The Suffragettes were a group of (mostly) women who sought the right to vote through organised protest. The Suffragette movement started out as peaceful protest and petitions but then progressed to radical and violent acts and strikes. They were classed by two different groups – suffragists and suffragettes.
Suffragists consisted of many groups of women, they were led by Millicent Fawcett, who formed the National Union of Women’s Suffrage Societies (NUWSS) . Her message was “Why can’t women vote for laws that they have to obey, when they pay tax and works just like men. They wanted women of the middle class who owned property to be allowed the vote. They believed that this could be achieved through peaceful means – non-violent protests, petitions and swaying of the politicians. Fawcett believed that if the women used these peaceful tactics, their goal would be achieved much quicker and easier because they would be seen as intelligent, polite and law-abiding
Fawcett believed that if the women used these peaceful tactics, their goal would be achieved much quicker and easier because they would be seen as intelligent, respectful and law-abiding.
The suffragist group was exclusively middle class people, but some members realised quite early on that they needed the support of women from the working class. Their cause was enticing many women from all social classes, helping to build their voice and giving them an identity which they had previously lacked.
By the turn of the century it was said they many Members of Parliament had been won over, and men were beginning to support their cause. Numerous Bill’s had gained substantial favour of women’s rights, but not enough for them to pass.
The name Suffragette was given by The Daily Mail, and they were born from the suffragist movements. Emmeline Pankhurst nee Goulden was born in 1858 and was the leader of Suffragettes, and after no action from Parliament she took the lead. Her husband Richard Pankhurst was a lawyer and supported the women’s rights movement.
Before Emmeline’s role in the Suffragette movement, she founded the Women’s Franchise League which fought for the rights of married women. But in 1903 she decided to break with the NUWSS and founded a separate union that became known as the Women’s Social and Political Union (WSPU).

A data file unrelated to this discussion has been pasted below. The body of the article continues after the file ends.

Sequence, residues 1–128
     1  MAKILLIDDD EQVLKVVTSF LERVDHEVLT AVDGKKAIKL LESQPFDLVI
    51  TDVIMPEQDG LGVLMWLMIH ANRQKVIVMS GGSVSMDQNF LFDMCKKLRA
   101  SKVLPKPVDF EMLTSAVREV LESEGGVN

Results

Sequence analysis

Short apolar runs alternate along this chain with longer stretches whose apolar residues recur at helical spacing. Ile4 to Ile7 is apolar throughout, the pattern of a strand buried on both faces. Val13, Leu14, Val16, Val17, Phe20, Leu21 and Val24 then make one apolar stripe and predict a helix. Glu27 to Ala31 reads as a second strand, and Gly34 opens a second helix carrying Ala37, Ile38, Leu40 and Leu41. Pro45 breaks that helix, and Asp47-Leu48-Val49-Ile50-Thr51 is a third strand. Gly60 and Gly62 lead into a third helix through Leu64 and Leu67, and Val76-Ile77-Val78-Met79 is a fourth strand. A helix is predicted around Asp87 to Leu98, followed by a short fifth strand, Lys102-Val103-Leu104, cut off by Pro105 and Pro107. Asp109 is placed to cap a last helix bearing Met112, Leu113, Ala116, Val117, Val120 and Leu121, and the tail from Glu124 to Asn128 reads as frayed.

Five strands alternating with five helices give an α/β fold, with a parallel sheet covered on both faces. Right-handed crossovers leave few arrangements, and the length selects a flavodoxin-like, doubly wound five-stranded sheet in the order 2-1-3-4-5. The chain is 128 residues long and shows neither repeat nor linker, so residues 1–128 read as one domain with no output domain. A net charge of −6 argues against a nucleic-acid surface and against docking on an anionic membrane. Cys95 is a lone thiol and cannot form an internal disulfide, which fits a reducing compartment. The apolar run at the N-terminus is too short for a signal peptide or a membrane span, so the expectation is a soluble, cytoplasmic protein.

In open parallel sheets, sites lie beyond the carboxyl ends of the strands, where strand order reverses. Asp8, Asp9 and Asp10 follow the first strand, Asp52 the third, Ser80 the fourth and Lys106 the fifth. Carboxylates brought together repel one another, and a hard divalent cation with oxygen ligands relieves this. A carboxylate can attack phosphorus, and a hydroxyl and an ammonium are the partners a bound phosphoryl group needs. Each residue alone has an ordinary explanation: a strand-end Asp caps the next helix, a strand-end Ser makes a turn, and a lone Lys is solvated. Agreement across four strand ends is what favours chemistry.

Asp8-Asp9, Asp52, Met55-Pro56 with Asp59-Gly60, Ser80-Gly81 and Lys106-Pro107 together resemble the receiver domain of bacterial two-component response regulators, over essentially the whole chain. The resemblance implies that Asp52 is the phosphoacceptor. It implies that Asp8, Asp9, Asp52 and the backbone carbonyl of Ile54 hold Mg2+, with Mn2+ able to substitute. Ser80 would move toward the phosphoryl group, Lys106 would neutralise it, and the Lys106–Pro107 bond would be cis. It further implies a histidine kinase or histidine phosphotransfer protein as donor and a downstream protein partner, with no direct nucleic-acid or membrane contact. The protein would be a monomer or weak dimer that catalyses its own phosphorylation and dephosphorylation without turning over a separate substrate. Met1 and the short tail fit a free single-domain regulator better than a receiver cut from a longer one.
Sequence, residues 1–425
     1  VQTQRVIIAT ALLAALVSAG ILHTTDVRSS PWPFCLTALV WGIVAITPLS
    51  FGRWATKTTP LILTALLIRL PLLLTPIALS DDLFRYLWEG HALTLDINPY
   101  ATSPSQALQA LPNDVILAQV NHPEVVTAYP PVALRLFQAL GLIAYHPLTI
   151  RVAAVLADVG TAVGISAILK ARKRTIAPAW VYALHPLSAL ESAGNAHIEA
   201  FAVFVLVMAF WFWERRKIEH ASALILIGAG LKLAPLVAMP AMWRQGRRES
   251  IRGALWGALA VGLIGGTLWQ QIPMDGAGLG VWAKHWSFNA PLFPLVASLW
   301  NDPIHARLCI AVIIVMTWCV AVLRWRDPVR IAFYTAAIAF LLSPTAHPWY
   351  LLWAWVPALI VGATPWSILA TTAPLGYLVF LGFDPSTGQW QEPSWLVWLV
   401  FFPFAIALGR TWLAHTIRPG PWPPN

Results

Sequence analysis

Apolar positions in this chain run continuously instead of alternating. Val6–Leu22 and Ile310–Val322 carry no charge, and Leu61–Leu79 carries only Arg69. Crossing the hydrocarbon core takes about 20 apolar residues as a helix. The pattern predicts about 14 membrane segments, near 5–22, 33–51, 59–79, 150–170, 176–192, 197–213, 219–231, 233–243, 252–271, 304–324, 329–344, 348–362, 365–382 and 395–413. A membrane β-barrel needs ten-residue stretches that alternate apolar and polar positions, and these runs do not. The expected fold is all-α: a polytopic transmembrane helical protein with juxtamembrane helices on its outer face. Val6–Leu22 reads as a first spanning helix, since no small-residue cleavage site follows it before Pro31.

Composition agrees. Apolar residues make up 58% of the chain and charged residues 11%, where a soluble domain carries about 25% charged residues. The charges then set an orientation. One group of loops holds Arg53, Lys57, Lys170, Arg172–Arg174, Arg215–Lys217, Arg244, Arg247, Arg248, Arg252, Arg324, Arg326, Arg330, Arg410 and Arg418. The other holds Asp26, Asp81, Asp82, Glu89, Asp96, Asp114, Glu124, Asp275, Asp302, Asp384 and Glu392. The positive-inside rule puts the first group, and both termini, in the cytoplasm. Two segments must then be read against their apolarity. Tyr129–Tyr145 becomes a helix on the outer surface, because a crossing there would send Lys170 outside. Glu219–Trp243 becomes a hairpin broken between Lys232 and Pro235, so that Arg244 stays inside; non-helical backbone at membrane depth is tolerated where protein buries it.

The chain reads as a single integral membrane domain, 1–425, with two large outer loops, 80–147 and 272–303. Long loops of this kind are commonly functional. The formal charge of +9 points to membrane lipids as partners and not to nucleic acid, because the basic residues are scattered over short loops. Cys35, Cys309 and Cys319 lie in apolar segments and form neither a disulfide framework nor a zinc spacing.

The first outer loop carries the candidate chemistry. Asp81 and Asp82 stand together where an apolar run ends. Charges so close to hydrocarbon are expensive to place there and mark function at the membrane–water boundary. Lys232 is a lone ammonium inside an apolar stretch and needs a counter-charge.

She believed that it would take a more active organisation, and more young working class women to draw the necessary attention to their cause. The Suffragettes invented the motto ‘deeds not word’, which reflected their change of course and the way that they went about achieving their right to vote.
As time went by more of their ‘deeds’ involved violence, law-breaking, hunger strikes and damage to property. By 1912, violent outbursts were very common and many women had been arrested and thrown into jail. They chained themselves to the parliament gates, broke shop windows, burned down churches, and more. This resulted in them being thrown into prison where they would refuse to eat, and they’d have to force feed them. This became a major issue as time went by.
In 1907, the group split into two and Mrs Pankhurst and her daughter Christabel had a feud with the other members of their divided group. Those who left formed the Women’s Freedom League (WFU).
The three groups would often dispute over the correct tactics, but their message was unvarying, and they would often work together.
In 1909, WSPU had a newspaper calle VOTES FOR WOMEN, it was originally published monthly, but eventually it became a weekly publication. It would sell over 20,000 copies per week.
On the 4th June 1913, the King and Queen were attending Derby Day and had a horse running in the race. When the race started, a suffragette by the name of Emily Davison jumped herself under the King’s horse to try and help their cause. People were horrified when they heard this news or saw it.
She died four days later from her injuries, becoming the first and only martyr of the Suffragette cause. A total of 100,000 attended her funeral and it draw global attention to the women’s suffrage movement.
By this time the Suffragettes had more funding the the Labour Party in Enlgand.
In 1914 the First World War began, and almost every single man in the UK enlisted in the army and was shipped off to fight. The women back home took over mens jobs, working in factories to produce weapons and ammunition, on farms helping to produce food and to continue the porsperity of their business and much more.
In 1918 a Bill was passed that allowed certain women over the age of 30 to vote. In 1925 the law recognised a mothers rights over her children, and in 1928 women were given the same voting rights as men.
Rights for women to vote in other countries around the world:
1893 – New Zealand
1902 – Australia
1906 – Finland
1913 – Norway
1917 – Russia
1918 – Austria, Germany and Poland
1920 – USA (White women only)
1932 – Brazil
1934 – Turkey
1944 – France
1945 – Italy
1949 – China and India
1953 – Mexico
1971 – Switzerland
1974 – Jordan
1976 – Nigeria
2003 – Quatar
2015 – Saudi Arabia
2017 – Vatican City is the only country in the world that doesn’t allow women to vote.
So without the Suffragettes and their supporters, many women today might not be able to vote and the freedoms they enjoy today.